Final Reflection: Preservation Research in a COVID-19 Landscape
By: Anna Tiburzi
All good things must come to an end, and so, unfortunately, we’ve come to a close on my position. That being said, I’d like to reflect a little on my experience this summer working in a COVID-19 environment.
In a way, this project has been very similar to my work last year on the Liberty Island project, where I also spent a majority of my time working out of my own home and communicating remotely with the rest of the Liberty Team. It’s also not my first experience having to adapt to a COVID-19 work environment, as SUNY ESF has been operating on a distance learning basis since March. Therefore, I’m not unfamiliar with the challenges presented by social-distancing and the adaptation required for success under these circumstances.
However, just because it is familiar, does not mean it comes easily. Working like this means being largely self-directed, with minimal oversight and only virtual guidance. Communication and file swapping with teams and mentors is largely limited to what can be dropped in online cloud storage and what you can show by sharing your screen in a video chat. This method of communication feels much less efficient, though it’s become an invaluable resource during a time of relative isolation.
Our knowledge of technology, our familiarity with the programs, and – almost more importantly – our knowledge of what is possible within the realm of technology and the ability to teach ourselves using online platforms, is an immeasurable strength and one that I have relied on immensely throughout my life and increasingly since quarantine began. I’m also thankful that I feel comfortable and confident enough to say that I have this to my advantage, since I know there are those that technology comes less easily to, those that lack access to resources, those who haven’t had the option to safely work from home, and those that have additional commitments and responsibilities that have made this transition more difficult. Therefore, while I am glad to have been able to overcome my own challenges during this period, I’m also aware of the privilege inherent in being able to say just that.
Working from home has brought its own challenges, as many others know themselves. Much of this project is reliant upon archival research and physical trips to archives, which is exceptionally difficult during this time when we have to be so very cognizant of our own health and the risks associated with in-person interactions.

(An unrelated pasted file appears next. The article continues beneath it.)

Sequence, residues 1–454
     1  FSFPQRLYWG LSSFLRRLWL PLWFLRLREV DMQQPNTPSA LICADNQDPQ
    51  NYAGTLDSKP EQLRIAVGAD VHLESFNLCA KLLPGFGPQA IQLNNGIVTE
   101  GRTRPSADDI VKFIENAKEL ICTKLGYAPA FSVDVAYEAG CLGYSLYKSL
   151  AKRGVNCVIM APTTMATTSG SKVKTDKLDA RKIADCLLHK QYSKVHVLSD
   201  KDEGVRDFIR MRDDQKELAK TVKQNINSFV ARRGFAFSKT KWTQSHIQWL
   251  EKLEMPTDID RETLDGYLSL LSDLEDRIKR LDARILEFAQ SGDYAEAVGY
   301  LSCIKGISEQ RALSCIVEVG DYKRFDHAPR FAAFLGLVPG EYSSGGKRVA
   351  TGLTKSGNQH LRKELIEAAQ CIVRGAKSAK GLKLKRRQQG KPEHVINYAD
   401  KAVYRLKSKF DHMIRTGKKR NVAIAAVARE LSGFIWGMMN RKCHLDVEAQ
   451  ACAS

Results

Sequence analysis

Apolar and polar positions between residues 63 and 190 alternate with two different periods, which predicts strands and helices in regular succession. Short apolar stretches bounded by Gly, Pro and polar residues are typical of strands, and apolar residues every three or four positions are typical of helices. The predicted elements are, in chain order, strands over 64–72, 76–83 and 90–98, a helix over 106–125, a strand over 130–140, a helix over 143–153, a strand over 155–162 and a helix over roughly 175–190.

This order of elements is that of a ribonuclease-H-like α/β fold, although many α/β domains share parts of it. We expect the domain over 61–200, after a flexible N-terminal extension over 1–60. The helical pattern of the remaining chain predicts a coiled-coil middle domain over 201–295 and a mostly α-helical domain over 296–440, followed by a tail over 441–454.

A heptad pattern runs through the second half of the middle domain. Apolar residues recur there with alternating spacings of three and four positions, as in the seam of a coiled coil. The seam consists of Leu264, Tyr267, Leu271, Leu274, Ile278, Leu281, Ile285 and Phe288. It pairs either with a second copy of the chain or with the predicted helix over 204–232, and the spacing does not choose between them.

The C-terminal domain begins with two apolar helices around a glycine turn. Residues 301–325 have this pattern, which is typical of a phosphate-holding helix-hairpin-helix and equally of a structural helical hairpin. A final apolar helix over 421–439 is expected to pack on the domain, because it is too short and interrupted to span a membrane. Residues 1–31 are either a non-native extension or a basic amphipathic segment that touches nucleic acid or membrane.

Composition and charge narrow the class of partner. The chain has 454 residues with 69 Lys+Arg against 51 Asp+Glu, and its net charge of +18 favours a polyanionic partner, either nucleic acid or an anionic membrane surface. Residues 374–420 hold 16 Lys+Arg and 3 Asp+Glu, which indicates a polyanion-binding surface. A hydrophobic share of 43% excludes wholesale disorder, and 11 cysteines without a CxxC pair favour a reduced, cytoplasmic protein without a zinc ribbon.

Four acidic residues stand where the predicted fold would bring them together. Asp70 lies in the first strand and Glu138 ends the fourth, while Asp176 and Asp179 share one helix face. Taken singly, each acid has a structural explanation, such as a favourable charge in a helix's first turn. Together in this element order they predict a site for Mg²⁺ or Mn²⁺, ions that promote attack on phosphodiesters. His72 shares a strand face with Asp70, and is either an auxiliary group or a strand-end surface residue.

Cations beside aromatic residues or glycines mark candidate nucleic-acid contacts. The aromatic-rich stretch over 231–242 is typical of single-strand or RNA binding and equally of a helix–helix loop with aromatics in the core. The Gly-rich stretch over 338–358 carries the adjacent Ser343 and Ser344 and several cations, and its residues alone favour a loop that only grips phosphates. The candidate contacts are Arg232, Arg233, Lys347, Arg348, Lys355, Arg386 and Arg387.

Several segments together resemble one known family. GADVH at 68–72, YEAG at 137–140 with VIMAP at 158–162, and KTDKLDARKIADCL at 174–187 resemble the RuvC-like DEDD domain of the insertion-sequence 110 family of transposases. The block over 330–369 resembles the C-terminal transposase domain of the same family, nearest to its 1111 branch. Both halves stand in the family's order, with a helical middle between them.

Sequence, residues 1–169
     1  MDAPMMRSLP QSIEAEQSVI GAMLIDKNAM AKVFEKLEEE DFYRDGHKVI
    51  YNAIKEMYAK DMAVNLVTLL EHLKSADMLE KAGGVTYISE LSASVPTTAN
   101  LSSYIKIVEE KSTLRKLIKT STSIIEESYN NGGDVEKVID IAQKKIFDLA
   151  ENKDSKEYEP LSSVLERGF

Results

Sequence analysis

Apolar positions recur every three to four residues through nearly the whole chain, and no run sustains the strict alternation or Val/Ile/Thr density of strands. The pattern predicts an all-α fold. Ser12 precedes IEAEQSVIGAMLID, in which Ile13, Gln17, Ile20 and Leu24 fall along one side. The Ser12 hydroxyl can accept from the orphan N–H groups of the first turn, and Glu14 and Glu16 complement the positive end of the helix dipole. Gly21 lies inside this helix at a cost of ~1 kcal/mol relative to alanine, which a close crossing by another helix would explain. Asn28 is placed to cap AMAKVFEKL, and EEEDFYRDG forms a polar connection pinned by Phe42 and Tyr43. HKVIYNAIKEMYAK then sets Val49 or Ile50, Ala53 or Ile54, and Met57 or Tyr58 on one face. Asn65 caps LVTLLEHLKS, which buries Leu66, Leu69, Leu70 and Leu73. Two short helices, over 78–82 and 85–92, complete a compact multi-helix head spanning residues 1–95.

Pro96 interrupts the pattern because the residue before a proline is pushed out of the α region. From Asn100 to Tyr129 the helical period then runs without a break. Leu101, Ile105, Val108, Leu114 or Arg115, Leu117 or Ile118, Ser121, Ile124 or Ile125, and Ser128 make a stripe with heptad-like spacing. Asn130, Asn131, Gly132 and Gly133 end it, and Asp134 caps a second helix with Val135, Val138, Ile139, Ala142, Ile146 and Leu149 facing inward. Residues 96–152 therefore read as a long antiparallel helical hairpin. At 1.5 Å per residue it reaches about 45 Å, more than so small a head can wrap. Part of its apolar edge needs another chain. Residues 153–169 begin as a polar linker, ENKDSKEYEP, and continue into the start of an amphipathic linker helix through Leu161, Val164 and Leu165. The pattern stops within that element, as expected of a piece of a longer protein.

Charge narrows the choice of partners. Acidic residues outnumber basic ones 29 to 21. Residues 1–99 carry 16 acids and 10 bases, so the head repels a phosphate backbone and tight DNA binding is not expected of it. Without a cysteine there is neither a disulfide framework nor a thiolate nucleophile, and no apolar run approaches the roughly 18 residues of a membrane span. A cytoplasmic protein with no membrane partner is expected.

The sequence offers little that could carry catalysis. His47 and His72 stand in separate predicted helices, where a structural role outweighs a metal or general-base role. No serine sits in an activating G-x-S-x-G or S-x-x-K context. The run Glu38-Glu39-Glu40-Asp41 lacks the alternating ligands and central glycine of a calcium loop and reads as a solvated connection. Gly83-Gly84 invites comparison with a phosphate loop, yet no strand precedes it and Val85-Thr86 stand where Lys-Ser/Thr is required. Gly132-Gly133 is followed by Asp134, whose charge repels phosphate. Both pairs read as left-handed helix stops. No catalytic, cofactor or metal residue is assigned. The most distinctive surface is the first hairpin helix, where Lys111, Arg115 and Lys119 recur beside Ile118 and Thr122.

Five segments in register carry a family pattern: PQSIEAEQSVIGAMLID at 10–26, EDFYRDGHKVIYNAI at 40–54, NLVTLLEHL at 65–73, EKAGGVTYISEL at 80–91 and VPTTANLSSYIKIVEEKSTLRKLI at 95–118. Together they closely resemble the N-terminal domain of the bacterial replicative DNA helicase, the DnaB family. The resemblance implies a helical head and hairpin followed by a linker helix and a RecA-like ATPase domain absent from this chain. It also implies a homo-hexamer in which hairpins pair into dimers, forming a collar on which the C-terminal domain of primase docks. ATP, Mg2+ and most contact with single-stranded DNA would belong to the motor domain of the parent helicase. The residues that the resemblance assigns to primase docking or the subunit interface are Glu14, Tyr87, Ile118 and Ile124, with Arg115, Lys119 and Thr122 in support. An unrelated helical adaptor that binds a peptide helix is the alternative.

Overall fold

Additionally, many of the archives that we may have used for the project are also currently closed to the public, forcing us to get more creative with what we can get from digital collections, reaching out to sources over email, and searching online. Many of these digital collections, while still yielding a wealth of material, are incomplete, which means that future trips to the physical archives will be necessary at a later date.
All this being said, this has been such a rewarding experience. The project itself has kept me immersed daily, with new material to read, people to reach out to, tasks to accomplish, and questions to answer every day. Like I mentioned in my first post, research has always been a passion of mine and something I’ve enjoyed throughout my academic career. Returning to the Olmsted Center this summer in this capacity has been such a delight and a great opportunity to hone my skills in research, writing, project organization, and communication.
With all this in mind, I’d like to thank my mentors at SUNY ESF and at the Olmsted Center, and my contacts at ACE, who have been so instrumental in making sure that I, along with the other associates, had whatever resources and support they could give in order to make our projects a success. Projects like this are truly a collaborative effort and it’s not without the dedication, passion, and patience of many that this experience has both been so fruitful and enjoyable.
So with that, I sign off on my last blog post for this project! Thank you to all who’ve taken the time to read this, or any other of my posts, as well as those who I’ve had the pleasure to work with over the course of the summer.
Thank you all!